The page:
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Congress Adjourns But Leaves FY'12 Interior Bill Unfinished
Historic Preservation Blog from PreservationDirectory.com - National Trust for Historic Preservation, Interior bill,
Contributed By: National Trust's Public Policy Department and Center for State and Local Policy
Website: http://www.preservationnation.org/resources/newsletters/trustee-bulletin/Public-Policy-Weekly-Bulletin-2-1-1-2-2-3-13.html

Congress adjourned for its August recess and House consideration of the Interior spending bill, which began last week, was put on hold as of last Thursday in order to resolve the debt-ceiling crisis.  The Interior bill will be taken up again when Congress returns after Labor Day and will move forward with consideration of some 200-plus amendments that are still pending. As of the end of last week, there several amendments that were hostile to historic preservation and public lands that the Trust plans to advocate against when Congress returns in September.  Not all the news was bad on the amendments front, however, as one amendment (offered by Rep. Holt) would permanently fund the Land and Water Conservation Fund (LWCF) at $900 million annually and another amendment( offered by Rep. Jackson-Lee) would prevent any Interior bill funding from being used "for contravention of the National Historic Preservation Act or the Omnibus Parks and Public Lands Management act of 1996."  Another positive amendment (offered by Rep. Pastor) would strike a provision of the bill that would overturn Interior Secretary Salazar's prohibition on uranium mining in and around the Grand Canyon.  On the other hand, the hostile amendments were more onerous and numerous in comparison, including:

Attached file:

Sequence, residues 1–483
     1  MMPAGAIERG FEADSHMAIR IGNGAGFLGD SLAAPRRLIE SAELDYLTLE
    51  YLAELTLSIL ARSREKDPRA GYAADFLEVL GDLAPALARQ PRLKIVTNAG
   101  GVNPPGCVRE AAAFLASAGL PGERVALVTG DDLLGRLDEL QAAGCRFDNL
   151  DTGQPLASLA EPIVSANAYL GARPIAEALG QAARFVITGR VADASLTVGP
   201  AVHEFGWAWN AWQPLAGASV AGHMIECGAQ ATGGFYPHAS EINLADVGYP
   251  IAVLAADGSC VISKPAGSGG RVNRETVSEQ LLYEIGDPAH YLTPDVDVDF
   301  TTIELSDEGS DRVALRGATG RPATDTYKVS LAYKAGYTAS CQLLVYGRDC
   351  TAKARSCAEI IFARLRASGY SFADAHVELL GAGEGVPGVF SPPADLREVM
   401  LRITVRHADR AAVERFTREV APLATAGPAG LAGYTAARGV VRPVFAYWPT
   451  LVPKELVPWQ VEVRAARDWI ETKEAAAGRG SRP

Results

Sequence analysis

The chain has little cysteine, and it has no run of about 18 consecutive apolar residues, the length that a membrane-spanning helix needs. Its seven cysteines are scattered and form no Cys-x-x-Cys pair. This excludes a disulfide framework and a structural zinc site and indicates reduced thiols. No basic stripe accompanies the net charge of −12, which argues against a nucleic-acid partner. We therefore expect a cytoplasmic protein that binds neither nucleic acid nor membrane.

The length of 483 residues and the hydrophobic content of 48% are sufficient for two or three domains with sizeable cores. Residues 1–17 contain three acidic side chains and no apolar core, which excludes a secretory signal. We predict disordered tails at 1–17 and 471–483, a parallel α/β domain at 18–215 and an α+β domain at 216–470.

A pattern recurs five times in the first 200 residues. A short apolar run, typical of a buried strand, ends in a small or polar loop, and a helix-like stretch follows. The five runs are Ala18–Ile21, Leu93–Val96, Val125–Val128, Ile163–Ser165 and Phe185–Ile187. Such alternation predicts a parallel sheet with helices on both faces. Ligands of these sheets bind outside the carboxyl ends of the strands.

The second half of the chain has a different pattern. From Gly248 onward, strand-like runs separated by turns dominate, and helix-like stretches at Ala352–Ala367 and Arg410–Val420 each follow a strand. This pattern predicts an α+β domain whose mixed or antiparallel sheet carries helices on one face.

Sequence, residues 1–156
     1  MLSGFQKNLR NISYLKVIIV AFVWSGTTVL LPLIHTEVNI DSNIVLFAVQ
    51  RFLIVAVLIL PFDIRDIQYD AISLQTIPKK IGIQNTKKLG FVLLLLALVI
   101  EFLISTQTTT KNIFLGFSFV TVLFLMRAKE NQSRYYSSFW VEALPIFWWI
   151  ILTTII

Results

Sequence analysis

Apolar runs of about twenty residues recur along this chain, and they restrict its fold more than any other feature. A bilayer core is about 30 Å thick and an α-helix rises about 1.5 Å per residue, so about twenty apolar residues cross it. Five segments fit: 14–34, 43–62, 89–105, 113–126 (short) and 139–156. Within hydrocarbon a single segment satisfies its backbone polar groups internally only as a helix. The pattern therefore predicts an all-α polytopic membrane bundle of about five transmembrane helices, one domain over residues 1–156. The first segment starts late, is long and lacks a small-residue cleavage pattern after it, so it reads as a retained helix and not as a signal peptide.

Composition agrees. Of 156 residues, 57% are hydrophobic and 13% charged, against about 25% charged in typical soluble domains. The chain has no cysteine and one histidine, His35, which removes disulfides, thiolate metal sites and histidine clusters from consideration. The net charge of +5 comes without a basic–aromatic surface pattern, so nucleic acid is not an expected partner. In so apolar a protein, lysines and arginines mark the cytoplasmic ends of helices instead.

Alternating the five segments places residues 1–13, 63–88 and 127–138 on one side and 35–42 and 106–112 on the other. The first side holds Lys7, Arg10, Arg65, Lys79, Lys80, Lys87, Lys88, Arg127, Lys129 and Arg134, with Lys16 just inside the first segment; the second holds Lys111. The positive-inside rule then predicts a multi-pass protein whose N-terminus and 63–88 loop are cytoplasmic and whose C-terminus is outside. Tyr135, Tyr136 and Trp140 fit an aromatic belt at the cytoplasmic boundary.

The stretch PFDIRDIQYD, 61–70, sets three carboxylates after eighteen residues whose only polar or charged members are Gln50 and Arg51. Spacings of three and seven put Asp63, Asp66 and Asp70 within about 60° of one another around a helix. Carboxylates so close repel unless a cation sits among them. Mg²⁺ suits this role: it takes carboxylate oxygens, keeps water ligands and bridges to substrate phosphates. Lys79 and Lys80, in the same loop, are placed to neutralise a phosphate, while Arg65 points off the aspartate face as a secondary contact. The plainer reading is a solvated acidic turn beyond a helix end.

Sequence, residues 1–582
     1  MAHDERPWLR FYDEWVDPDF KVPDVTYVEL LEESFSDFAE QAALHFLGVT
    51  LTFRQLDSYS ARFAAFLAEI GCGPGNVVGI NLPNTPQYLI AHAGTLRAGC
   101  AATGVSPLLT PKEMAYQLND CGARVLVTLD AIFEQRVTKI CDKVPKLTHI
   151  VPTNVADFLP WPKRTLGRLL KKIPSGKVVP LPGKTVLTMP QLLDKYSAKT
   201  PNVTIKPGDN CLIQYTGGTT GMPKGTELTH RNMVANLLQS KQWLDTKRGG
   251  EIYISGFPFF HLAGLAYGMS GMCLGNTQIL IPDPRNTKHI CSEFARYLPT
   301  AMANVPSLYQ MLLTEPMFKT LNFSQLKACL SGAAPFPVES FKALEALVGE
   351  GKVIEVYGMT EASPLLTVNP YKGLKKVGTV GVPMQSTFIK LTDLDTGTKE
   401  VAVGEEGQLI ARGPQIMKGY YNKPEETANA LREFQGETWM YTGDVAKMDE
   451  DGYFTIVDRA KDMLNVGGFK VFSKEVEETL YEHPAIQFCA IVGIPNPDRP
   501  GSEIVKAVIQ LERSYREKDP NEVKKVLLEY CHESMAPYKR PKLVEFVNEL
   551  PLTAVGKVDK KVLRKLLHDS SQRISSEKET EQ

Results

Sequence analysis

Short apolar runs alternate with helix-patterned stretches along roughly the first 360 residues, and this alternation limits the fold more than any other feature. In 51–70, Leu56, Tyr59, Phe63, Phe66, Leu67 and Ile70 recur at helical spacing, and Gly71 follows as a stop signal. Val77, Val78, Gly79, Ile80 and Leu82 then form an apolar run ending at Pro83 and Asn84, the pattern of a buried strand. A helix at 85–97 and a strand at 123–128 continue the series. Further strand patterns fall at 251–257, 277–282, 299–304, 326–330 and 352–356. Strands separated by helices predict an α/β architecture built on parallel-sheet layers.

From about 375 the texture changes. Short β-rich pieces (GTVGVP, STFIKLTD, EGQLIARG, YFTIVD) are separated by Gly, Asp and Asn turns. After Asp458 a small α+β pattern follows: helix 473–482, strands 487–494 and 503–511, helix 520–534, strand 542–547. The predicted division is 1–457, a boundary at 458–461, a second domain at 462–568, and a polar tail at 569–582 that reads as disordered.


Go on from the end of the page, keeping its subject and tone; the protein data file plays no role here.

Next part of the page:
• Rep. Rehberg's amendment on limitation on funds for the establishment of new National Monuments (thereby undermining the Antiquities Act);
  • Amendment No. 82 – Rep. Rigell:  None of the funds made available By: this Act may be used to purchase lands that would result in a net increase in Federal land holdings (other than lands acquired to be held in trust for the benefit of a federally recognized Indian tribe).
  • Amendment No. 91 – Rep. Gosar:  None of the funds made available under this Act may be used to enforce any of the following laws against the United States Border Patrol during border patrol activities on Federal lands: (1) The National Environmental Policy Act of 1969 (42 U.S.C. 4321 et seq.); (2) the Endangered Species Act of 1973 (16 U.S.C. 1531 et seq.), (3) The National Historic Preservation Act (16 U.S.C. 470 et seq.);  (4) The Wilderness Act (16 U.S.C. 1131 et seq.).
  • Rep. Lankford's amendment that none of the funds be used for creating buffer zones around NPS areas;
  • Rep. Lankford's amendment that none of the funds be used to increase the net number of acres of federal land under the Department of the Interior;
  • Rep. Huelskamp's amendment that none of the funds be used for the Heritage Partnership Program;
  • Rep. King's amendment on exempting from the Water Pollution Control Act  small- and medium-sized concentrated animal feeding operations (CAFOs)
The Interior bill (HR 2584) is expected to be folded into a year-ending omnibus spending or continuing resolution (CR) bill that will necessitate trying to eliminate the most hostile amendments ahead of consideration of the bill.  Appropriators also have another strong incentive to work quickly as the new joint committee established by the debt ceiling deal (see below) is required to submit its deficit its recommended spending cuts to Congress by December 2nd.  If an omnibus bill or CR is not signed into law before the December 2nd deadline, FY’12 funding levels could also suffer further devastating cuts as a result.  

Reprinted with permission from the National Trust's Public Policy Department and Center for State and Local Policy



Keywords: National Trust for Historic Preservation, Interior bill,

Posted: August 5, 2011
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